The vitreous is normally a clear, jelly-like fluid that fills the
inside of the eye. Various disease states can cause the vitreous
to cloud, fill with blood or even harden so that light entering
the eye will be misdirected and not reach the retina properly.
A vitrectomy is a surgical procedure that removes the vitreous
in the central cavity of the eye so the retina can be operated
on and vision can be corrected. It is beneficial in many disease
states including diabetic eye disease, vitreous haemorrhage,
retinal detachments, macular holes, epiretinal membrane and
following complications of cataract surgery.
The vitrectomy procedure is normally performed as an
outpatient procedure. Rarely, an overnight stay in the hospital
Local or general (while you are asleep) anaesthesia may be
used. The eyelid will be held opened using a special speculum
and the eye that is not being operated on will be covered.
You will not be able to see any of the procedure.
The procedure begins by making 3 tiny incisions in the white
part of the eye and connecting an infusion line to maintain
constant eye pressure. Next, a light source and microscopic
cutting device and are inserted which will gently remove the
The surgeon will use a microscope to view the eye whilst
performing the procedure.
After the vitreous is removed the surgeon will perform any
retinal surgery that is required and then refill the eye with
one of the following substitutes depending on your condition:
- Saline solution that closely resembles the natural vitreous
fluid in your eye
- Gas to keep the retina flat (this will absorb over 2-4 weeks)
- Silicone oil (this usually requires removal with surgery
3 months later)
An antibiotic to prevent infection will be given at the end of
Your procedure may take between 30 - 60 minutes,
depending on its complexity.
Vitrectomies have been commonly performed and perfected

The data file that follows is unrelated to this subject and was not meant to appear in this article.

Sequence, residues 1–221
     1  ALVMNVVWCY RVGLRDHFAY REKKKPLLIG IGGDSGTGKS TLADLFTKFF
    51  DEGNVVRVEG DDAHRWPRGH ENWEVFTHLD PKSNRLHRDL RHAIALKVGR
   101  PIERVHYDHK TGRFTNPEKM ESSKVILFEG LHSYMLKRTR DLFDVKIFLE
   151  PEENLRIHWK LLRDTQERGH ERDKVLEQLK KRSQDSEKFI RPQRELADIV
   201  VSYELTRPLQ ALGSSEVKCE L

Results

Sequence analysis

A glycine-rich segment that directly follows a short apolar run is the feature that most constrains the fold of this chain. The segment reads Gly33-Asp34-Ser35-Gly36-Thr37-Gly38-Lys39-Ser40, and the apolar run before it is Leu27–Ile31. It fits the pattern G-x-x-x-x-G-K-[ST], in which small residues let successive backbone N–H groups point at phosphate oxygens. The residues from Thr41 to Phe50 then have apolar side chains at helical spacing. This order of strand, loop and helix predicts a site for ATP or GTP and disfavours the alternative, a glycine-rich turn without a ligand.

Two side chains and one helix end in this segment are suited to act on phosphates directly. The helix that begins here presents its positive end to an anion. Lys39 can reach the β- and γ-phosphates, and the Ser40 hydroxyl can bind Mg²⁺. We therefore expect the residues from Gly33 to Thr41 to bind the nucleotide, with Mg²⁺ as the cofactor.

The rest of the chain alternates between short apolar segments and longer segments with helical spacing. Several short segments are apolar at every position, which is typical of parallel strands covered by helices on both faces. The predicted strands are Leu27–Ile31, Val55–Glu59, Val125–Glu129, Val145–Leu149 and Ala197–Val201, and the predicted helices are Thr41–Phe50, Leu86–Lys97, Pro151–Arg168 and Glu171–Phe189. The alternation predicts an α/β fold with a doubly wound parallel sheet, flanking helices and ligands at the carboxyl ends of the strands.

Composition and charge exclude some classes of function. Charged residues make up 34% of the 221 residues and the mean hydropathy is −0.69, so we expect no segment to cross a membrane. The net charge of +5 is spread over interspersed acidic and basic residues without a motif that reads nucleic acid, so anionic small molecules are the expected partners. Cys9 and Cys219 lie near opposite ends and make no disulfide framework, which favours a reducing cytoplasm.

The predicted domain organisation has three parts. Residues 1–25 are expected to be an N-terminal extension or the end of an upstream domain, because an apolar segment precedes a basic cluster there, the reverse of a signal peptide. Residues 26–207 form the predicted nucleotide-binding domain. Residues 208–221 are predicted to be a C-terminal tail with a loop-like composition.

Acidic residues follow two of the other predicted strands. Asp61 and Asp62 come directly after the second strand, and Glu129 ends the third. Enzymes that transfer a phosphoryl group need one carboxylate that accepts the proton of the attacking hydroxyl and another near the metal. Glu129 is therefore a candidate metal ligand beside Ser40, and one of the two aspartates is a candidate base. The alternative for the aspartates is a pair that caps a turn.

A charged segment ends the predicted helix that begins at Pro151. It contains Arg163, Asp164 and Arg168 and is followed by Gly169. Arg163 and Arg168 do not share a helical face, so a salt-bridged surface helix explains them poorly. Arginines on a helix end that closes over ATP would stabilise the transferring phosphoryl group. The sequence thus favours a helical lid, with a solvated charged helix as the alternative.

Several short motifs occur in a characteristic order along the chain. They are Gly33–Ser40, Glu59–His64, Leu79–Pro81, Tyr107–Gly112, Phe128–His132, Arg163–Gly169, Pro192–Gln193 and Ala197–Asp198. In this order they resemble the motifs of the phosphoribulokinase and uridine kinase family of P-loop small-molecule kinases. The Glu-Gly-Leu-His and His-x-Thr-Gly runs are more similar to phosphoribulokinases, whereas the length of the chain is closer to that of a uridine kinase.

for over 30 years. However, certain risks do exist. They include:
• cataract formation or progression
• retinal detachment
• raised pressure in the eye
• bleeding inside the eye
• Loss of vision (extremely rare)
• need for additional treatment and/or surgery
What to expect after vitrectomy
Expect your eye to be sensitive, red and swollen due to the
nature of the surgery.
If gas has been inserted into the vitreous chamber, your vision
will be poor until the bubble gradually absorbs.
The most important factor determining your rate of recovery
and final outcome is the pre-operative condition for which
the vitrectomy was performed. Your surgeon can advise you
what to expect.
You will be prescribed a combination of drops to administer
on your discharge home.
Since vitrectomy is often performed along with other
procedures, postoperative instructions may vary.
Some general guidelines are provided however, please consult
with your surgeon for specific instructions.
If gas or oil has been inserted into the eye, you will be
advised how to position your head. This helps ensure that
the gas or oil is in contact with the affected retina, in order
to encourage healing. You may be advised to maintain this
position for up to 45 minutes of every hour for 3-7 days
- No flying with gas in the eye (2-6 weeks). The reduced
atmospheric pressure causes the gas bubble to expand,
which can raise the pressure in the eye to dangerous levels
Begin using any anti-inflammatory and antibiotic drops
prescribed by your physician immediately after your eye
patch has been removed
Take simple analgesia to relieve mild discomfort
Wear the plastic eye shield when sleeping for the first 7
days following surgery
Avoid strenuous activity for one week (unless directed
otherwise by your physician)
If you develop a deep headache or throbbing pain that does
not respond to over-the-counter painkillers, you should
contact the Ophthalmology Department immediately.